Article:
Referring to FIG. 2c, other sample displays are shown which can combine language with graphic images, such as the “Noon” image 46 on an alarm clock device 12, or an advertisement or message 48, which can be correlated to the particular time display sequence shown or cycled randomly throughout the sequence of time display images. The messages 48 can be images, animation, and video with audio capabilities. Furthermore, predetermined portions of the data, such as graphical images, can be associated with numeric serialization, which provides a unique identifier to each of the downloads containing corresponding graphical images. This serialization can be used by the user to monitor the number and/or type of images contained in the user's image collection. Accordingly, the use of serialization could coordinate the exchange of images and/or time displays represented by the downloads; or other multi media files 54 (see FIG. 3) between users. It should be noted that the users could create and serialize their own time display files or programs 60.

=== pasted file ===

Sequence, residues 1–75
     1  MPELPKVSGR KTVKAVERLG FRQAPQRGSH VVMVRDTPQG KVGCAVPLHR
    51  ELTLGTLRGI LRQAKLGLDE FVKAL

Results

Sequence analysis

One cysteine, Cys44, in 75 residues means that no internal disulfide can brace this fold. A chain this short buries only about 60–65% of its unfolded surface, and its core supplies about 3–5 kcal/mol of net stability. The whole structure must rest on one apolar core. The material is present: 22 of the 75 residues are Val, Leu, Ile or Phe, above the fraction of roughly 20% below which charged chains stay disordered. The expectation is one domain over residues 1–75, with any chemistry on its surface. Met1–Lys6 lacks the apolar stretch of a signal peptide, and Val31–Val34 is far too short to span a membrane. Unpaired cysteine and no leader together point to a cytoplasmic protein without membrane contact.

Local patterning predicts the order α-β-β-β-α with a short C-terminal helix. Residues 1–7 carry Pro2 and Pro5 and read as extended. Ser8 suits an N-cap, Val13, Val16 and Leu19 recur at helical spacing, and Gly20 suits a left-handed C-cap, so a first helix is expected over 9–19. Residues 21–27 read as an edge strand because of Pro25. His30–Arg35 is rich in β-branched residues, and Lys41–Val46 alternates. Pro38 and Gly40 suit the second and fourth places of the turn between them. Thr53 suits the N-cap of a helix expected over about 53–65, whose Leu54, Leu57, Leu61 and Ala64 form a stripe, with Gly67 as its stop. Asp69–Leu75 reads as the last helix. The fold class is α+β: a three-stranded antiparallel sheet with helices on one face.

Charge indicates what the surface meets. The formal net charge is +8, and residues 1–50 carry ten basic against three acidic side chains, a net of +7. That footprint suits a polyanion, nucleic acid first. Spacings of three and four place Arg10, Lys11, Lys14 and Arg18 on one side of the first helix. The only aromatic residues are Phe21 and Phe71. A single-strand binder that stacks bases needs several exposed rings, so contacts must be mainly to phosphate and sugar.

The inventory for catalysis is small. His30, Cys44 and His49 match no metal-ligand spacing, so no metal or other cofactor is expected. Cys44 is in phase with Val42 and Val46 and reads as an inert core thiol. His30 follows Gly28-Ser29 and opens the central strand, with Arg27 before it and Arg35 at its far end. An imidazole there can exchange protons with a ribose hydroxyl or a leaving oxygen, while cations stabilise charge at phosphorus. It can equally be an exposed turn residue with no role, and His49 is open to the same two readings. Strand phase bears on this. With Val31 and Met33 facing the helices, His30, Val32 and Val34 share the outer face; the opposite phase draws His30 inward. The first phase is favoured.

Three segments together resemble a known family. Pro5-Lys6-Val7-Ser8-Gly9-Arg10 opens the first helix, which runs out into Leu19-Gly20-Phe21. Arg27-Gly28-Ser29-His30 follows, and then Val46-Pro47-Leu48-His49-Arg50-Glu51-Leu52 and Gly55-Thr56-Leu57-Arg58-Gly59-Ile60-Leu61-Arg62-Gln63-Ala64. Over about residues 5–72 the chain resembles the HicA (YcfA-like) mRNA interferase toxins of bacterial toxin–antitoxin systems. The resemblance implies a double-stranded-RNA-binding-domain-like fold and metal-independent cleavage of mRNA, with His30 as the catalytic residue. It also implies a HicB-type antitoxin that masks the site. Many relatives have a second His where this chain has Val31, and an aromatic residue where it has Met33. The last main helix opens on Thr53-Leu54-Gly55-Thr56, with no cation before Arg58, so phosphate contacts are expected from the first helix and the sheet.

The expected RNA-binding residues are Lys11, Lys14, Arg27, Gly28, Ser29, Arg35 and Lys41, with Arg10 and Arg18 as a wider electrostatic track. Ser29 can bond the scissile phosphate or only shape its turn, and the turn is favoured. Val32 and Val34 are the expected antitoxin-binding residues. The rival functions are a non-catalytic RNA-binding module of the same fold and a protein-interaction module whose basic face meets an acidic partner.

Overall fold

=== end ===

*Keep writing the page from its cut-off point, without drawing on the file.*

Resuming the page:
Referring to FIG. 3, the translation engine 28 of the device 12 combines multi media files 54 obtained from the host 18, user specified parameters 58 obtained through the input device 24, and relative chronological data 56 as monitored by the processor 23 to produce a translated time display file or display executable program 60. Alternatively, the engine 28 could combine the parameters 58 and files 54 to produce a translation template 60, which could be used to reformat the data 56 for presentation on the display 22. The GuiTime time translation engine 28 receives system time 44 from the device 12 in a HR:MM:D/M/Y format. The translation engine 28 references a lookup table/flatfile/schema/database, as provided below, to determine how the time 44 is to be presented based on the user defined preferences 20. The translation engine 28 first determines whether the user has selected the GuiTime or Alpha Time format. The GuiTime format preferably presents using language and animation and the Alphatime format preferably uses language. The translation engine 28 then determines which language or schema translation has been selected by the user. As each minute lapses the translation engine 28 references and combines these two data sources 44, 20 and presents them as relative time on the display 22.